Presented by Actors’ Shakespeare Project
By William Shakespeare
Co-directed by Bobbie Steinbach and Allyn Burrows
Review by Craig Idlebrook
(Boston) We are so insane for love that we co-opt works of art that vilify love and turn them into romantic propaganda. It happens with every generation. I grew up with The Police song “Every Breath You Take” as the best love song of 1983, even though it was clearly about a stalker
Romeo and Juliet has become a stand-in for romance, so much so that Bugs Bunny and Pepe LePew could do the balcony scene and 4-year-olds would get the joke. But while any college freshman with a dye job can enjoy the irony that this iconically romantic story could easily be considered a black comedy, few theatre companies can stage “R + J” productions that can cut through the “Will U Be Mine” ethos we smear on the play.
Ah, but the Actors’ Shakespeare Project production playing at the Strand cuts through the romantic dribble and pierces Cupid’s heart with the all the hip efficiency of Buffy the Vampire Slayer. Co-directors Bobbie Steinbach and Allyn Burrows are magicians on stage who manage to maintain the romantic eloquence of Shakespeare’s text while refusing to dodge this play’s unflinching misogynistic world view. Together, they and the actors create a new fable, bitterer than the one we’ve adopted, of Juliet’s coming of age and all the terrors that it brings.
In this nuanced production, we never forget that this love affair is undertaken by two shallow youths. Unlike most high-school romances, however, their mistakes prove fatal. Jason Bowen’s portrayal of Romeo never attempts to sanctify the lad; he keeps him simple, a heartbreakingly beautiful boy who enjoys sadness more than he enjoys reason or his own life. With Bowen’s purposely shallow shaping of Romeo, we lose any qualms we have that Romeo gets over Rosalind just in time to fall in love with Juliet. If it weren’t Juliet, it would be someone else; it’s just a stage.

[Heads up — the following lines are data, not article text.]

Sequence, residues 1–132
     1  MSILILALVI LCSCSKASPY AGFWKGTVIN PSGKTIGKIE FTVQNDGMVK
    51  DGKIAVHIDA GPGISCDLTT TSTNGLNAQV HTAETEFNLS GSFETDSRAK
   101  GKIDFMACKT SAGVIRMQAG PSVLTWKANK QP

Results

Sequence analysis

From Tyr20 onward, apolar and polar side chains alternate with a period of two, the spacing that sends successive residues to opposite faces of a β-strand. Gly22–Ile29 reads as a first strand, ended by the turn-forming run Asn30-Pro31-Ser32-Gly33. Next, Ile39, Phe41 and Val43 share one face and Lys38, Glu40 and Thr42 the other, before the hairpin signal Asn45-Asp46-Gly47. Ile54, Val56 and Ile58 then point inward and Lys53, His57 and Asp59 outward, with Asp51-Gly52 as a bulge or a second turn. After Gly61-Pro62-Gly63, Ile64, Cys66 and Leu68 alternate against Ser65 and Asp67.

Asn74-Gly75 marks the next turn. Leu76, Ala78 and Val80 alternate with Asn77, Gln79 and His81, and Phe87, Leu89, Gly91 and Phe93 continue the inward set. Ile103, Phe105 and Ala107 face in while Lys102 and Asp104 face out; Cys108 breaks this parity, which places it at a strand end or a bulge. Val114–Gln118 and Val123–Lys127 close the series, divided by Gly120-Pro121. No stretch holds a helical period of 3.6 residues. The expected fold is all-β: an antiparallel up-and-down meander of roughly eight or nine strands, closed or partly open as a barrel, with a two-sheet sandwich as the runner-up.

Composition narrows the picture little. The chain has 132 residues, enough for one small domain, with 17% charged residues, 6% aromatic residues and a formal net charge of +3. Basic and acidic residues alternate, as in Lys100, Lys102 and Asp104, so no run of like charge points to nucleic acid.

But the revelation of this production comes with Juliet, skillfully portrayed by Julie Ann Earls. She is an every-girl, a child pulled into womanhood and then her grave within the space of a few days. We watch the flame of terror kindle within her at the first mention of an arranged marriage; it is clear she thought she still had a few more years to play in the nursery. We then follow her descent into her own private hell, as she weds and beds a love, but is forced to live without him and consent to marry another, a fate that would commit her soul to eternal damnation. Everyone she loves turns against her, including her Romeo by his rash actions. With Earls’ earnest portrayal and the unflinching focus of this production, her suicide seems all too rational.
Shakespeare built in a brilliant echo of the mad, destructive power of love with Mercutio (Maurice Emmanuel Parent), but few productions take the rancid bait the Bard leaves dangling. Mercutio’s speeches often are minimized and downplayed to a few moments of puzzled rants. But Parent is given full license to draw the audience in and to reveal that Mercutio is not mad. The character rants against love because he, alone, in his manic state, truly sees love’s deadly power. He can only go forward in such a world by spewing forth playful challenge to all convention. Mercutio’s bile towards love is akin to the desperate wailings of the last converted man at the end of the original Invasion of the Body Snatchers. He screams about love because that’s all he has left to do, not because he believes it will do any good.
Every aspect of this production builds like a symphony to create a haunting piece of art, from the scenic design to the choreographed fights. We are left with nowhere to hide, not even in histrionics, as this play refuses to pull on your heartstrings, knowing we want to hide in waded up Kleenex and sniffles.
You need to see this play, but be warned: you can take a date, but don’t expect “Romeo and Juliet” to help you fall into bed afterwards. It might, however, help you strip away your romantic illusions to find what truly lies beneath the surface of love.